The Trach Decision
In the fall of 2011, Charlie came down with two bugs simultaneously that landed her in the PICU. My child with severe quadriplegia cerebral palsy had never needed anything above high flow oxygen to get her through an illness before, which was another reason I claimed she didn’t need a trach. She was too strong to need a trach, right? But here she was in the PICU with BiPAP on. And she was resting SO comfortably.
On day five it hit me. She had not had one of her typical autonomic symptoms the whole time she’d been on BiPAP. Could it be this simple? Could some extra respiratory support fix my baby?
I asked the PICU doctor but he really didn’t know. I scheduled appointments with all of her other doctors who might know. Each of them agreed it might be connected but they couldn’t say for sure.
And just like that I did a complete 180. I wasn’t pushed into the trach surgery. I ASKED for the trach surgery. I came to terms with it in my own time and followed through without a second thought.
Charlie’s autonomic symptoms are well controlled now and she is off the oxycodone. She is 6 1/2 years old and has had the trach for two years now. She is positively thriving! Does this mean all kids like her will benefit? Of course not! But here is what I’ve learned:
When considering the trach, you have to look at more than just the respiratory status of your child. You have to look at his or her health as a whole system working together. A trach can affect more than just their breathing, both in good and bad ways (in our case, mostly good!). Take everything into consideration, but also try to imagine all the good things that could come from it that the doctors may not have mentioned because they just don’t know. They don’t see the little bits of progress afterwards, and even if they do…they may not connect progress to the trach. To them, it may seem coincidental. But as parents, we know when our children benefit from a procedure directly, even if it isn’t on the list of “official benefits.”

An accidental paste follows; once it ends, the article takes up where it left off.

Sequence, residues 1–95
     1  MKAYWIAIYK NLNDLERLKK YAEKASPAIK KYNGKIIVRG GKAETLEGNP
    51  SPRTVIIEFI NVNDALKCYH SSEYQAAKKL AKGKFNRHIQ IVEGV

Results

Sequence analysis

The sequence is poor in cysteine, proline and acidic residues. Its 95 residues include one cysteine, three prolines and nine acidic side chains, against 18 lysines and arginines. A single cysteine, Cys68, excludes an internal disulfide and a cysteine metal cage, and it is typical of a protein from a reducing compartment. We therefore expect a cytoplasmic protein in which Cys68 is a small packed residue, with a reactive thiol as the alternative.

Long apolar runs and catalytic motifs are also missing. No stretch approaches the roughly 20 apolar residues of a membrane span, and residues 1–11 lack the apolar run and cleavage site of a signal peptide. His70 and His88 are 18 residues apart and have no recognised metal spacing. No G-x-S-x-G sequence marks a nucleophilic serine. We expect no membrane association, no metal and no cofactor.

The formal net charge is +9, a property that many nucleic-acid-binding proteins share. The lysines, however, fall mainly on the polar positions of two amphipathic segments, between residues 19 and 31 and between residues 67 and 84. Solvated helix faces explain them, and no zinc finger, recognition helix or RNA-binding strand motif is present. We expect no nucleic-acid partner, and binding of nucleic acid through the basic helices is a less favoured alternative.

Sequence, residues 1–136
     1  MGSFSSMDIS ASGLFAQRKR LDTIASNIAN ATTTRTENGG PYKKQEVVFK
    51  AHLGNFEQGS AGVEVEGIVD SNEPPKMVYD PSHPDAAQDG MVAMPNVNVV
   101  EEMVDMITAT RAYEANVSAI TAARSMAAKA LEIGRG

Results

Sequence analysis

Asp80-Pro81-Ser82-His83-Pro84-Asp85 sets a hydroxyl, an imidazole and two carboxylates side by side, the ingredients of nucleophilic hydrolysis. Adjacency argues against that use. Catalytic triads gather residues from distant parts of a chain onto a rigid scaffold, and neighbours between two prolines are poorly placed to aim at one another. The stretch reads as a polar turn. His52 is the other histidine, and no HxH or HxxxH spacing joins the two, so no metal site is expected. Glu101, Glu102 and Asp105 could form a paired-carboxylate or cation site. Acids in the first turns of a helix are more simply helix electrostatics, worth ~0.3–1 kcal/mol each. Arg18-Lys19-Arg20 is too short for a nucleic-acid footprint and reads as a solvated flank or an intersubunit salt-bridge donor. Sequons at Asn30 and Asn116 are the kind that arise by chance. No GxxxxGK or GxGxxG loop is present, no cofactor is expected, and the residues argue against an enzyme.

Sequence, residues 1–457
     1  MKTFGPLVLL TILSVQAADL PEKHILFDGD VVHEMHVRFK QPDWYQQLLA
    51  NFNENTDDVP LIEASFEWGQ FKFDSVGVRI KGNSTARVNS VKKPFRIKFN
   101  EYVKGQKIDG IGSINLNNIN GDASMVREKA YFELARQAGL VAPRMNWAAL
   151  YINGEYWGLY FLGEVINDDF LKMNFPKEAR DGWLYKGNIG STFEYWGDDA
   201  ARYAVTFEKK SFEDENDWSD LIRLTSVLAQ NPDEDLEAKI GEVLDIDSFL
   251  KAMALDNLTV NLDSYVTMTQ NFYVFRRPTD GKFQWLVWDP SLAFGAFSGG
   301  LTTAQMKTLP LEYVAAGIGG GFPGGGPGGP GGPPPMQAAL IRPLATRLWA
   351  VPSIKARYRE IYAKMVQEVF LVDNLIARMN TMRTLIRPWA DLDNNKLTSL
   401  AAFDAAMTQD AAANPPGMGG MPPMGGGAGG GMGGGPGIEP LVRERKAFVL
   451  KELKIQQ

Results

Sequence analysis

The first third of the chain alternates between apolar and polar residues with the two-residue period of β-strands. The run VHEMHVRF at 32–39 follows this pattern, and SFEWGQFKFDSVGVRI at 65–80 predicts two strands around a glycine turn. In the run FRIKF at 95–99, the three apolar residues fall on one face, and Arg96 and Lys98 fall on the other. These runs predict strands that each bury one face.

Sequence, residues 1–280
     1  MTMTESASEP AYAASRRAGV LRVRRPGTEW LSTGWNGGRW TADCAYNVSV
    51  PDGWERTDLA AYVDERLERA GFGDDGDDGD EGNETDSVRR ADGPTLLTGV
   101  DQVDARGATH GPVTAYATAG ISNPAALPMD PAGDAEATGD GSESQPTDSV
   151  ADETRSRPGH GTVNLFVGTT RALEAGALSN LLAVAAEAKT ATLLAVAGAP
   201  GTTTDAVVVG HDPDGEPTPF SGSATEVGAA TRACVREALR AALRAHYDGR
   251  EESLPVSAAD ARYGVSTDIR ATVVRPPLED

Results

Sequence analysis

The trach really isn’t as scary as we imagine it to be. Really! We have to learn everything about our child’s care…this is just one more thing. It seems scarier because it is the airway, but given enough time and practice, you become a pro. Don’t feel like a pro yet? Tell them you need more time before discharge! Ask for more help! I promise they won’t send home a struggling parent. Take your time and know that you will get the hang of it, just like everything else.
We do have to use the ventilator for Charlie sometimes while out and about. It comes in a nifty little bag and it just hangs on the back of her wheelchair. You can plug it in anywhere. It’s really not a big deal. Most kids won’t need a ventilator, but for those who do, it will not prevent you from doing things as a family. I was SO worried about the ventilator. But it’s not so scary once you get used to it.
The trach is just one more thing to accessorize. I’ve made cute cloth trach pads and trach ties. Why not have fun with it?
It’s really nice that she doesn’t have sores under her nose and around her ears from the nasal cannula all the time now. Really, sometimes I think that is the best part about the trach. I hated that stupid oxygen tubing gunking up her beautiful face!